The problem with Herbart’s active conception of the soul is that “the only active quality ascribed to the soul is the tendency to preserve itself”. And with this thought, Herbart’s reflections move away from phenomenology and back to the basics of science: consciousness and the expenditure of energy of the organism. This energy regulation principle, already present by implication in Aristotle’s reflections on the soul was to be later used in Freud’s Scientific Project. Freud, of course, abandoned this attempt to reduce the qualitative to the quantitative in his later theorizing.
Herbart interestingly also claimed:
“to have provided a psychology especially applicable to education.It was the interest in mental growth and in the union of right thinking with the right feeling that led Herbart to understand how closely the qualities of character depend on the complete fusion of knowing and feeling in one indivisible state of mind, evolving into the kind of clearness which is only attainable through self-expressing actions.”
The essential feature of mental growth is characterized in terms of apperception. or the Kantian “I think” or the “I will” but the “I” of consciousness is still characterized in terms of scientific Psychology. He applied these ideas to ethics but neglected the Kantian concepts of reason and freedom believing along with Plato that the temper of the community determines the temperament and character of the individual.
Schopenhauer is the post Kantian who converts the self into the will and defines it in terms the Psychologist will find difficult to accept:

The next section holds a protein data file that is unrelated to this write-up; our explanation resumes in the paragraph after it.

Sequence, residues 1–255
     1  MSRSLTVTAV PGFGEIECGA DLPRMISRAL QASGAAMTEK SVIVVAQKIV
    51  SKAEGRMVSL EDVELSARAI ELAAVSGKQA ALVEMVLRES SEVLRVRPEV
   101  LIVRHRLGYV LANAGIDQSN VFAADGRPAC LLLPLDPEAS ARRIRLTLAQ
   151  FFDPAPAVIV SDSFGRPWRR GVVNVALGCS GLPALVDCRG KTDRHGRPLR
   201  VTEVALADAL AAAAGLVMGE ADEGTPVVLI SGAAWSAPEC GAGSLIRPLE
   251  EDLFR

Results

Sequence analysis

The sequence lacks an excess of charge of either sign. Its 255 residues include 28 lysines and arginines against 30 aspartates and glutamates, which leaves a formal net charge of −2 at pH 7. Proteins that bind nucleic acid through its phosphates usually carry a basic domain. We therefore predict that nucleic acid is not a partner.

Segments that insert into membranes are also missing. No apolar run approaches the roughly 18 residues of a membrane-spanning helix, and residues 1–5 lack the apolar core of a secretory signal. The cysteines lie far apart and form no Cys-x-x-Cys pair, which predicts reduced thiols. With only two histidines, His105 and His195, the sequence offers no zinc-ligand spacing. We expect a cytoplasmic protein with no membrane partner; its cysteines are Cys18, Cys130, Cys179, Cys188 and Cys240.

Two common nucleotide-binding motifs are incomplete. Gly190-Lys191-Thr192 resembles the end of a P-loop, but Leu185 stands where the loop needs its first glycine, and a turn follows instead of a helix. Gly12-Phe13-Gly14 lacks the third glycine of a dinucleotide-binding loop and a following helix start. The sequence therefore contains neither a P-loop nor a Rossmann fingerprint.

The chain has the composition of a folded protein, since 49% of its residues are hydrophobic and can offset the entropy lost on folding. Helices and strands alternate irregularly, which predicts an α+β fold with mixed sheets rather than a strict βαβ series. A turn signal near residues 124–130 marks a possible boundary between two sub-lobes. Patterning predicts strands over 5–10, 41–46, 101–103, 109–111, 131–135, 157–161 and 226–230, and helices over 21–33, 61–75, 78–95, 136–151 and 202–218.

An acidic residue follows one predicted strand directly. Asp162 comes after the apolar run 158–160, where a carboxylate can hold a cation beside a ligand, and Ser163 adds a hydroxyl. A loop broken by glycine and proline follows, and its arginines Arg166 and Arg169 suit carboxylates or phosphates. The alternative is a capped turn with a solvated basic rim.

“As some had declared the “Thing-in-itself” to be the organism, Schopenhauer declares it to be the vitality resident in the organism”. His view is thus biological, where it is not merely metaphysical: when he proclaims his own originality he is justified if we think only of modern tendencies, but in everything but its language and its excesses this view is a restatement of Aristotle’s doctrine of the fundamental conation, persisting through all the scale of organic life, variously combined with and modified by corresponding degrees of conscious realization”(Brett)
Schopenhauer restored the will to modern thought but the whole trend of his analysis Brett argues is toward “the fundamental impulses of animal nature”, although there are moments in his account when Schopenhauer stands where Kant stood. Herbarts influence was to prevail over Schopenhauer’s forlorn attempt to restore Kantian Psychology.
Fechner’s interest turned more to physics and aesthetics than mathematics and he actually wrote some valuable works on electricity. But there are also elements of mysticism in Fechner:
“lying in bed on the morning of the 22nd of October 1850, he saw the vision of a unified world of thought, spirit and matter linked together by the mystery of numbers. So it was, perhaps, that Pythagoras saw the quality of sound transformed into measurement!”
And yet there is something of the spirit of the age in Fechner’s vision. He tries to unite the psychical and the physical and with him Brett argues:
“The centre of controversy shifts to the question, How much of the inner life actually enters into this sphere of measurement and quantity.”(Brett)
By the time this question was raised, Kant’s voice has been lost and there is only a very faint echo of the answer to this question “Hardly anything at all” This is not to deny that mental states do not have physical equivalents but the key question becomes “Are the limits of our knowledge of this relation confined to correlation?” But correlation between what and what? How can there be a correlation between a principle and that which it is a principle of? This post takes us to the psychology of the 20th century which will be the subject of the next thread.